In “All the Dangerous Things,” author Stacy Willingham addresses many dangerous “things,” but points out that nothing might be as dangerous as people with mental health problems who don’t receive the help and support they need. This carefully wrought mystery keeps us guessing until the end about several deaths in the story. And while we think we know what happened because the main character, Isabelle Drake is the first person narrator, as is the case with many such narratives, we can’t be sure that what she shares is the truth.
We know what Isabelle suspects about the death of her younger sister when she, herself, was just a child. Isabelle has always had a strange relationship with the night. As a child, she would sleepwalk and go places and act as if she were awake. Now, as an adult with a child who mysteriously disappeared one night a year earlier, she has the opposite problem. Isabelle is unable to sleep. She finds herself nodding off at inappropriate times, catnapping really, but the deep sleep that nourishes our body and mind is impossible for her to achieve, even with the help of medication.
As a result of that lack of sleep, Isabelle isn’t functioning normally. She looks awful as she travels to conferences to share her story and hope that someone, somewhere, will help her get answers about her missing child. Her relationship with her husband, Ben, has suffered as a result of Mason’s disappearance, and they are separated. She and her dog prowl the streets at night when she can’t sleep as she thinks about her childhood nightmares and her present devastation.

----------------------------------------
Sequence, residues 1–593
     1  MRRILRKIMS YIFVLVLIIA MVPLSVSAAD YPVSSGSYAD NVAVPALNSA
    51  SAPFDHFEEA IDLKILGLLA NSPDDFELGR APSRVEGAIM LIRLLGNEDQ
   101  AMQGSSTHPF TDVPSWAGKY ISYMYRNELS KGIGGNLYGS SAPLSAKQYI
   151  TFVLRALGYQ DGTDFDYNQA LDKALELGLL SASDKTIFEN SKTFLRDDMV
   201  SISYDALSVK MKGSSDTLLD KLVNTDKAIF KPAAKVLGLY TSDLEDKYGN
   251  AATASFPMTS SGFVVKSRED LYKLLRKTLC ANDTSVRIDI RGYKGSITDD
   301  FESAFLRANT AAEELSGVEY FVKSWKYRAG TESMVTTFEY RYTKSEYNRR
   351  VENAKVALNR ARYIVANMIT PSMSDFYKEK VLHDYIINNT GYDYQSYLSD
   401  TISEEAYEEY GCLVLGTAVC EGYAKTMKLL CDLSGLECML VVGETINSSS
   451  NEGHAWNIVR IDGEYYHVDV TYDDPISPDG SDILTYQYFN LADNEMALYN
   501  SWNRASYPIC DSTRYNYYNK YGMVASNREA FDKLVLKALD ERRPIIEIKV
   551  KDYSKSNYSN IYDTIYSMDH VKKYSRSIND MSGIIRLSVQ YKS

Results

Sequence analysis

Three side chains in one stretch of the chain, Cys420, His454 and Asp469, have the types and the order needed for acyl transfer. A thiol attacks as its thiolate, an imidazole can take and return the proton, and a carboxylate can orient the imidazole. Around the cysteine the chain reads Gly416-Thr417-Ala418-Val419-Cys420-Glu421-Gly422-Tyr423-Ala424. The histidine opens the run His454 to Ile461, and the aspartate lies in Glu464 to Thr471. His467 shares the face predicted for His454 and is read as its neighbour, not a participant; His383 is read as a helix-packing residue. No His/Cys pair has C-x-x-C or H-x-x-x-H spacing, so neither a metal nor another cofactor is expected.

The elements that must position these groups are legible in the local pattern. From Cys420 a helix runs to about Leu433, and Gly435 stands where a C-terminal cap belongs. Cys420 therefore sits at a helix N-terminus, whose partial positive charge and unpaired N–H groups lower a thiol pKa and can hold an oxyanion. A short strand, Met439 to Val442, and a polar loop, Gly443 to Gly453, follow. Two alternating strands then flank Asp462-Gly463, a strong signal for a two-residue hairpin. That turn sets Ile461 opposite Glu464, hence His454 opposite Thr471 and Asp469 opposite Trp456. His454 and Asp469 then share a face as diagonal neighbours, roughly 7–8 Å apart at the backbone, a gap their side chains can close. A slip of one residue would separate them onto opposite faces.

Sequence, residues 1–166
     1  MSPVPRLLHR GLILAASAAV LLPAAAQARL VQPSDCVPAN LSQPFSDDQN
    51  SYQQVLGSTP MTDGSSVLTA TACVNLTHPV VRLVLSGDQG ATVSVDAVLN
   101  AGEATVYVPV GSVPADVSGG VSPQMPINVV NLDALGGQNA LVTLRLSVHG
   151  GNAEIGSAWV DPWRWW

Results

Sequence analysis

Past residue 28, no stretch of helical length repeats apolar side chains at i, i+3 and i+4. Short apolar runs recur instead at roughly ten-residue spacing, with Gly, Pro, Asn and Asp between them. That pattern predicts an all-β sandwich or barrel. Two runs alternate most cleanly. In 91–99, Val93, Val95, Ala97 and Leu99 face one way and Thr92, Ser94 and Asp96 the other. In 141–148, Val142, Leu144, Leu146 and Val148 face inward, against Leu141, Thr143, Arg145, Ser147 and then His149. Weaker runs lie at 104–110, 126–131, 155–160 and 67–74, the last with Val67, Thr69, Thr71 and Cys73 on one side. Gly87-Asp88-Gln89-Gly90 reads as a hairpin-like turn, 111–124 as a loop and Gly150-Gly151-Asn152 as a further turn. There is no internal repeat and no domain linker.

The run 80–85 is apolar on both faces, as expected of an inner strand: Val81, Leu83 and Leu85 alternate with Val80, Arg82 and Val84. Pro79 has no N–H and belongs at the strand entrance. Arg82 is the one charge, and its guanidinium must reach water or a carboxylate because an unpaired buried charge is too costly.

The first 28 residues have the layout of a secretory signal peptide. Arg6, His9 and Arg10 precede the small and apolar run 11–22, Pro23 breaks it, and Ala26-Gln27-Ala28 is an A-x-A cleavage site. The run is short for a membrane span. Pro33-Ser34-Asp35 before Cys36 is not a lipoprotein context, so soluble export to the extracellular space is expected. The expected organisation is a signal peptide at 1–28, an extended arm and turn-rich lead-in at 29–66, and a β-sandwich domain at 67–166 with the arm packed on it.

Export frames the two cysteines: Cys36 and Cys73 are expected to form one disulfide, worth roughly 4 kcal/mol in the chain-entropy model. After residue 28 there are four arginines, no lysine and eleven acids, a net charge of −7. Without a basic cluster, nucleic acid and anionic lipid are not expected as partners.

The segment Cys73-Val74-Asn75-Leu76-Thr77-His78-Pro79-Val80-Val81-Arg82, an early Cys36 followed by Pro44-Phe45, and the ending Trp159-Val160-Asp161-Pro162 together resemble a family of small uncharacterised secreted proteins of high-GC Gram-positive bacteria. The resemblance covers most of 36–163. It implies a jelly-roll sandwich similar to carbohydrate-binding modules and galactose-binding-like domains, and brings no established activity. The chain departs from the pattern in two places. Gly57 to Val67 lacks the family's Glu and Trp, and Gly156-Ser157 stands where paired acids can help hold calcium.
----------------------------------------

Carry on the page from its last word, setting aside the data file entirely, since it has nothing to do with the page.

Isabelle blames herself for everything. If she had been less deeply asleep, she would have heard something the night Mason disappeared. If she hadn’t been a sleepwalker, her sister might still be alive. But there is more going on than Isabelle even knows, and what Willingham does so beautifully is distract us with obvious suspects while she slams us at the end with the unexpected. Honestly, I was proudly smug, sure that I knew how this apparently predictable story was going to end. Needless to say, the ending is not predictable at all, and I am embarrassed that I was so arrogant.
If you enjoy trying to find the twists and turns before they are revealed, then this will be a wonderful challenge. It’s also about something important—mental health. We see Isabelle struggle with her mental acuity as she tries to remain alert in spite of her long-term lack of rest. We see others who also are in need of help but don’t receive it. Even Isabelle shuns the support offered and thinks she can take care of things on her own. What we realize is that we all need support, whether it’s emotional support, mental health support, or just a physical hug. None of us is so valiant and so self-sufficient that we can live isolated and alone.
Please note: This review is based on the advance reader’s copy provided by Minotaur Books, the publisher, for review purposes.